Grand Forks residents who recently rescued a large colony of feral cats is spearheading efforts to set up the city’s first-ever cat shelter.
Kimberly Feeny, who works with the Kootenay Animal Assistance Program to rescue and find homes for abandoned cats, started a non-profit society to co-ordinate efforts to set up a shelter with mayor and council last week. The Boundary Helping Hands Feline Rescue Society has a board of directors, with Feeny as president and two other women as vice president and secretary-treasurer, Feeny told The Gazette.
Animal control services are handled within the Grand Forks area by Kootenay Boundary Animal Control, a private contractor retained by the Regional District of Kootenay Boundary (RDKB) at roughly $90,000 per year, according to RDKB General Operations Manager James Chandler.
Feeny said she and her fellow cat defenders recently drove 16 rescued cats to the Summerland cat shelter, Critteraid, adding that she’d driven four more cats to the Castlegar SPCA over the weekend, Dec. 12-13.
Preliminary talks are underway with city council, she said.
“It’s going to be a longer process than I would like because, obviously, the kitties don’t stop coming and neither do I,” she explained.
“We’re hoping to open a shelter in Grand Forks, so there’s not an immediate rush to scoop up rescued cats and drive out to Castlegar; Summerland or Nelson,” which she said have dedicated facilities. “It would save a lot of gas and a lot of winter driving if we could get set up here.”
The initiative has the support of Councillor Neil Krog and Mayor Brian Taylor.
Krog, who at one point cared for eight rescued cats and a dog with his wife Andrea, said he donated to Feeny and others’ recent efforts to rescue 20 cats from a rural property East of Grand Forks.
“I saw her Facebook post about the kittens and went up to the store and bought a huge load of litter and a whole bunch of kitten food. And she came and picked it up,” Krog said.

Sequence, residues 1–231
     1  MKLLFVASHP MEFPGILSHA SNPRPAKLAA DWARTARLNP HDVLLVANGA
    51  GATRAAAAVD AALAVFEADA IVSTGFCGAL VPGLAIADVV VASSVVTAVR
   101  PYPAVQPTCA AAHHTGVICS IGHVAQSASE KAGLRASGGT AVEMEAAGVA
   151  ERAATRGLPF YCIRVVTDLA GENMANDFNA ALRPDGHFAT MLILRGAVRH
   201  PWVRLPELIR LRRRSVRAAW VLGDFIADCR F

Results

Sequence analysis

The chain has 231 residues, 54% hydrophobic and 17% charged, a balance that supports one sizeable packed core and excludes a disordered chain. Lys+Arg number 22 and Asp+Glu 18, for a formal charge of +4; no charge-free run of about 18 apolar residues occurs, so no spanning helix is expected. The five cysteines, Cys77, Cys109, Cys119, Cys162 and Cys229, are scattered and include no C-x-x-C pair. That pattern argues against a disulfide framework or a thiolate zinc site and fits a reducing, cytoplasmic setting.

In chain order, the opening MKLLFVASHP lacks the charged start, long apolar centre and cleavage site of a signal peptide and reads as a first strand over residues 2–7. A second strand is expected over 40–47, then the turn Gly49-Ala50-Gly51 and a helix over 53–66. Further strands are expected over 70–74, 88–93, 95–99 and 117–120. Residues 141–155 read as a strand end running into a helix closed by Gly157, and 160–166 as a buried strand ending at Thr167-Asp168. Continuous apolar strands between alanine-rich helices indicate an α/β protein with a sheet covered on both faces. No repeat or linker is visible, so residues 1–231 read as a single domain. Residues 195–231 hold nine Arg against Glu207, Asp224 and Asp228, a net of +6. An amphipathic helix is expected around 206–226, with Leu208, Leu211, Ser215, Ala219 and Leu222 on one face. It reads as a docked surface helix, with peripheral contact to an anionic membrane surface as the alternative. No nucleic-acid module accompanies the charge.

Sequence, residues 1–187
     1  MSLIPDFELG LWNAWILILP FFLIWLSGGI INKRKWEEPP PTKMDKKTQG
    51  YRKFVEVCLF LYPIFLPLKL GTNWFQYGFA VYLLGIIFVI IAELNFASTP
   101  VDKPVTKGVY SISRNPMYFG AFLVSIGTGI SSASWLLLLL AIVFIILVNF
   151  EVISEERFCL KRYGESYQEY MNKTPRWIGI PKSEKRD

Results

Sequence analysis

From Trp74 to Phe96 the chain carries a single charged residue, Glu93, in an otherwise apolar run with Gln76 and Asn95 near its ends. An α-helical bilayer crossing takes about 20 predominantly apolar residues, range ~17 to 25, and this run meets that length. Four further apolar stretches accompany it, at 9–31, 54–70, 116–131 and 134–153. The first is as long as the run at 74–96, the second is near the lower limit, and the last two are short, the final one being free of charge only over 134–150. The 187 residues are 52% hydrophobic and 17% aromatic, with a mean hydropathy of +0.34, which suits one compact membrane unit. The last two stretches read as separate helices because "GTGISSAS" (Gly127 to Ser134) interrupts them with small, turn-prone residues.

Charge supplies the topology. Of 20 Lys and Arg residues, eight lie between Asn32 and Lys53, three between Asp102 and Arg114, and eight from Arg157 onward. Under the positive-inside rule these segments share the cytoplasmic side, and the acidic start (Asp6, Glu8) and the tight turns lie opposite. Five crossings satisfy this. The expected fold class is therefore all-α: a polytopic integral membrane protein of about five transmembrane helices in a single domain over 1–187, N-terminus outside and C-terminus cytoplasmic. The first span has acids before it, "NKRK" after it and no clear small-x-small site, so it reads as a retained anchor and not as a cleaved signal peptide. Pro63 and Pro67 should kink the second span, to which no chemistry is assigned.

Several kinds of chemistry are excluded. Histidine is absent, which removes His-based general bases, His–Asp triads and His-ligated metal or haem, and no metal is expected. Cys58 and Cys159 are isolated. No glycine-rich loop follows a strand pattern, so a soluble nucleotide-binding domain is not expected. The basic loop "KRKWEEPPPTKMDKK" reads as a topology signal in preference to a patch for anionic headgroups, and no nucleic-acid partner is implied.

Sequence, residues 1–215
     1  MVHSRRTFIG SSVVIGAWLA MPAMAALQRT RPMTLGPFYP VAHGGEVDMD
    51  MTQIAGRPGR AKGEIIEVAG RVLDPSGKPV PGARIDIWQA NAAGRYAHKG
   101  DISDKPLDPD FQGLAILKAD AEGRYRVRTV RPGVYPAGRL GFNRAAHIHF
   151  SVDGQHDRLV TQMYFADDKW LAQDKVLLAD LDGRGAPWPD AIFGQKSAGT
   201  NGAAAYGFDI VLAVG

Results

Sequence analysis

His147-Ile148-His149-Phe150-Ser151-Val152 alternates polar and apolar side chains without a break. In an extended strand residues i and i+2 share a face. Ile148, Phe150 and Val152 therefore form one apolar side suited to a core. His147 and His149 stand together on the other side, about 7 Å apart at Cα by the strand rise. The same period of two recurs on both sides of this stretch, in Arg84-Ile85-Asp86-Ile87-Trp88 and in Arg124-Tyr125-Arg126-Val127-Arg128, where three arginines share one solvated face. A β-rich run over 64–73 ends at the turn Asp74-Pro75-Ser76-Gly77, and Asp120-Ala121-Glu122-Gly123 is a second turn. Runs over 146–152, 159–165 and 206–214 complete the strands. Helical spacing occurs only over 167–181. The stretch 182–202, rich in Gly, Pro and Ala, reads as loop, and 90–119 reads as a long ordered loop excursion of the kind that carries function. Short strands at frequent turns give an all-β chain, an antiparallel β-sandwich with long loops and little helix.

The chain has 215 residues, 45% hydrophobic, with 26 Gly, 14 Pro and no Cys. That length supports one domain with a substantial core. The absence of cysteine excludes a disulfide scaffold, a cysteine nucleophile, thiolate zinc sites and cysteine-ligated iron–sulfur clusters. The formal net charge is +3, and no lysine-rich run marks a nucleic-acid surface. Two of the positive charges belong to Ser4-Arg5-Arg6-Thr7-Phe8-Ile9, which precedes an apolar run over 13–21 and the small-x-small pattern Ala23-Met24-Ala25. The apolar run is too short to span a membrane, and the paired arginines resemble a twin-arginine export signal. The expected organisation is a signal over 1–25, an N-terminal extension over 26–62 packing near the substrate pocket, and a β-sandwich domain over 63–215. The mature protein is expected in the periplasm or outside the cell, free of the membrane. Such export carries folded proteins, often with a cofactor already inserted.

“I’m looking forward to any kind of proposal that would come to council,” he said, saying that a cat shelter would provide “a service that the community needs.”
I’m happy that Councillor Krog and myself should have something to agree on,” Mayor Taylor joked, adding that a cat shelter “is one of those things a mature community should have control of.”
RDKB General Operations Manager Chandler said the district owns the Donaldson Drive building that houses the Kootenay Boundary Animal Control service (KBAC). The KBAC “makes every effort to try and find the owners of any animals” found within city limits, Chandler said, adding that the vast majority of found pets are quickly re-united with their owners. Chandler qualified that animal control services hired by the district are primarily responsible for handling animal-related complaints — aggressive dogs, for instance — and enforcing district animal bylaws.
“We may become more involved in dealing with stray cats,” he suggested. “We’d want to understand a lot more about what that would look like.”
Chandler said he wasn’t sure if the RDKB could fund a Grand Forks cat shelter because the district can only provide services for which their are established bylaws, he explained.
Boundary Helping Hands’ President Feeny said she would devote herself full-time to the society and its efforts to establish a city cat shelter in the New Year. The society will continue to post updates about rescued cats to its Facebook page.